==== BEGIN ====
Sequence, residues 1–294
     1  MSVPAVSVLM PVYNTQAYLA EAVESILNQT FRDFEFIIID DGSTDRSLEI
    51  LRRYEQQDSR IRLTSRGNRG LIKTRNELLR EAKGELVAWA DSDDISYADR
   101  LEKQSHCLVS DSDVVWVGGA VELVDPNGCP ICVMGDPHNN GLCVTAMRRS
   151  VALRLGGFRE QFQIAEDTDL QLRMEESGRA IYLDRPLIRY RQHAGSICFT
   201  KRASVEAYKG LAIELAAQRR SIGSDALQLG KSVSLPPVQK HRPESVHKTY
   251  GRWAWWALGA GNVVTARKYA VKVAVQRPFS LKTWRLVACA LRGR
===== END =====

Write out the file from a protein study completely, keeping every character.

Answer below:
Sequence, residues 1–294
     1  MSVPAVSVLM PVYNTQAYLA EAVESILNQT FRDFEFIIID DGSTDRSLEI
    51  LRRYEQQDSR IRLTSRGNRG LIKTRNELLR EAKGELVAWA DSDDISYADR
   101  LEKQSHCLVS DSDVVWVGGA VELVDPNGCP ICVMGDPHNN GLCVTAMRRS
   151  VALRLGGFRE QFQIAEDTDL QLRMEESGRA IYLDRPLIRY RQHAGSICFT
   201  KRASVEAYKG LAIELAAQRR SIGSDALQLG KSVSLPPVQK HRPESVHKTY
   251  GRWAWWALGA GNVVTARKYA VKVAVQRPFS LKTWRLVACA LRGR